Magnification and Resolution
Magnification - how much bigger the image is than the specimen (the sample your looking at)
Formula for magnification = length of image/length of specimen
ie. if you magnified image that's 5mm wide and your specimen is 0.05mm wide the magnification is: 5/0.05= times 100
Resolution - how detailed the image is. More specifically, it's how well a microscope distinguishes between two points that are close together. If a microscope lens can't seperate two objects, then increasing the magnificationwon't help.
Light and Electron Microscopes
- They use light.
- They have lower resolution than electron microscopes.
- They have a maximum resolution of about 0.2 micrometres (um).
- The maximum useful magnification of a light microscope is about times 1500.
- They use electrons instead of light to form an image.
- They have a higher resolution than light microscopes so give a more detailed image.
- They have a maximum resolution of about 0.0001 micrometres (about 2000 times higher than light microscopes.)
- The maximum useful magnification of an electron microscope is about 1,500,00.
Electron microscope; TEMs and SEMs
Transmitting Electron Microscopes (TEMs);
- TEMs use elctromagnets to focus a beam of electrons, which is then transmitted through the specimen.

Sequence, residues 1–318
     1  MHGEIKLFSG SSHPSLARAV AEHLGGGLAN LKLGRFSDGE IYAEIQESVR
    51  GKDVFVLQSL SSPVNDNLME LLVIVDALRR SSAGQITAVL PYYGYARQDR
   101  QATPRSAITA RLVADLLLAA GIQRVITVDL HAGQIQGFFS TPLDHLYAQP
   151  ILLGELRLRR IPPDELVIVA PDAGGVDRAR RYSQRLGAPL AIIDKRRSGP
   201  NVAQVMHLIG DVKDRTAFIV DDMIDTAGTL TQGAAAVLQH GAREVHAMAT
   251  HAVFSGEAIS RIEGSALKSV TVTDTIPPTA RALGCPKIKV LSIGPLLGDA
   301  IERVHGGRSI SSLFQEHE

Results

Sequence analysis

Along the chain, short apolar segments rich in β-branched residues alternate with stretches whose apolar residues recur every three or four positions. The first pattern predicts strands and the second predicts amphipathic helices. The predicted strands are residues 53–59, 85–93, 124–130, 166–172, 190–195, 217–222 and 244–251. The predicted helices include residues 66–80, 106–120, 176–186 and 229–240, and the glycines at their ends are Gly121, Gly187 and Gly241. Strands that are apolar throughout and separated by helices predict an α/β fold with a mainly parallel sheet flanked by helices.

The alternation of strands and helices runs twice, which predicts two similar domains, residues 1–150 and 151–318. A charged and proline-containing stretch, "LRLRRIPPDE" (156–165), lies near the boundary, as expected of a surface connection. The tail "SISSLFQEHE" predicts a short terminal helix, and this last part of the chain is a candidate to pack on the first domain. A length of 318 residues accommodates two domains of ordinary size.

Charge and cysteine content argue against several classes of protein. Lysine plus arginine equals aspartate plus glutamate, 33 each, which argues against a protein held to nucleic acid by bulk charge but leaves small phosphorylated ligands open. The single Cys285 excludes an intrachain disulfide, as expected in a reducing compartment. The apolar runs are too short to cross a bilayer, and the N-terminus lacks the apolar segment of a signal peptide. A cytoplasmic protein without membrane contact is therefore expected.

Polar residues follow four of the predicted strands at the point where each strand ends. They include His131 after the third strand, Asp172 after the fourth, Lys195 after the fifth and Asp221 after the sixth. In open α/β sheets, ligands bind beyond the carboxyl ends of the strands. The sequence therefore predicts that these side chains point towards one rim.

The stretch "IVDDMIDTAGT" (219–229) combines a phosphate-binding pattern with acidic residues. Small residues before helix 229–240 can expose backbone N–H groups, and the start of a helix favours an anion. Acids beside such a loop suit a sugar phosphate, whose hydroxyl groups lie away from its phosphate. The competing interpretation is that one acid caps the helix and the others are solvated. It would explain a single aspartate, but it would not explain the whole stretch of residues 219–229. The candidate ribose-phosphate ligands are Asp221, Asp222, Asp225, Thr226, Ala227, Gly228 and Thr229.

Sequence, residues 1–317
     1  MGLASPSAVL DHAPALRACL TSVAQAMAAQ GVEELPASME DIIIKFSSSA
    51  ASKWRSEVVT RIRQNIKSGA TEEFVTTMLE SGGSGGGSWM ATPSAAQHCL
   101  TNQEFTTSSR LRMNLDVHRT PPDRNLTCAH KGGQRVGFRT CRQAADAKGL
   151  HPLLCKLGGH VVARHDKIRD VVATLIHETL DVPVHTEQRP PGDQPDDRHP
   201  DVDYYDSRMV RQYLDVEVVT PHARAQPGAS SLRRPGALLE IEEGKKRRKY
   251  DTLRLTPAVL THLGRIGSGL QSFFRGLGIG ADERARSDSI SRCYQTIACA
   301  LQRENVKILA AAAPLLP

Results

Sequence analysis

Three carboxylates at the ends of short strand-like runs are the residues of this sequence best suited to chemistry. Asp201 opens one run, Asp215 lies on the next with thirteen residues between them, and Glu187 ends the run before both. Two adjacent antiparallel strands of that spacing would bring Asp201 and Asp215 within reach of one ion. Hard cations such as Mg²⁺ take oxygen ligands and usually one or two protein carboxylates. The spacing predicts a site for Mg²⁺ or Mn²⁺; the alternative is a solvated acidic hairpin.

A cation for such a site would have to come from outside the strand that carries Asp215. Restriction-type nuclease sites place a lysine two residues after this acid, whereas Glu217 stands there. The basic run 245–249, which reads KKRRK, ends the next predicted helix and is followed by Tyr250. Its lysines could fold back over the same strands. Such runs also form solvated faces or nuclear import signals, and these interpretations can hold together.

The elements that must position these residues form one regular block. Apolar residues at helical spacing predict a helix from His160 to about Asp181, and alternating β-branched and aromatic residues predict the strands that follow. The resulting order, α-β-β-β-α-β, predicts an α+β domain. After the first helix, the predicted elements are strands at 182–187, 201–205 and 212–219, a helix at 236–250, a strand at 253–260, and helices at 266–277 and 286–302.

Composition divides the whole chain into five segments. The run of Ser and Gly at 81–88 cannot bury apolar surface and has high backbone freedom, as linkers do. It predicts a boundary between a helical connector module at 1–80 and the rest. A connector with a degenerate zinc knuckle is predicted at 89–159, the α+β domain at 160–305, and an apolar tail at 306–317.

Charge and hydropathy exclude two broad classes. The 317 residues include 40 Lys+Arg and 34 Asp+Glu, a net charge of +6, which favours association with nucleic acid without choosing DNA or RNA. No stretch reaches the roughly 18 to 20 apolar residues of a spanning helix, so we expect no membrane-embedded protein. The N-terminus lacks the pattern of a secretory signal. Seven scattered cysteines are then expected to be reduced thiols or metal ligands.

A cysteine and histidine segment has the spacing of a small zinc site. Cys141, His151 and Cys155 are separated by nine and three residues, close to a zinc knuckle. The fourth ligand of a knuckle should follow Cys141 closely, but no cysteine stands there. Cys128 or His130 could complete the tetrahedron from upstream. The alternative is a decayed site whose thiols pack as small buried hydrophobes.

- Denser partsof the specimen absorb more electrons, which make them look darker on the image you end up with.
- TEMs are good because they give high resolution images.
- But they can only be used on thin specimens.
Scanning Electron Microscopes (SEMs);
- SEMs scan a beam of electrons across the specimen.
- This knocks of electrons from the specimen, which are gathered in a cathode ray tube to form an image.
- The images you end up with show the surface of the specimen and they can be 3D.
- But they give lower resolution images than TEMs.
Cell Fractionation Seperates Organelles
2) Filtration- gettng rid of the big bits. The solution is filtered though a gauze to seperate any large cell debris or tissue debris. The organelles are much smaller than the debris, so they pass through.
3) Ultracentrifugation - Seperating the organelles.
- The cell fragments are poured into a tube. This tube is put into a cetrifuge and spun at a low speed. the heaviest organelles, like nuclei, get flung to the bottom - the pellet. The rest of the organelles stay suspended in the fluid above the sediment - the supernatant.
- The supernatant is drained off, poured into another tube, and spun in a centrifuge at a higher speed.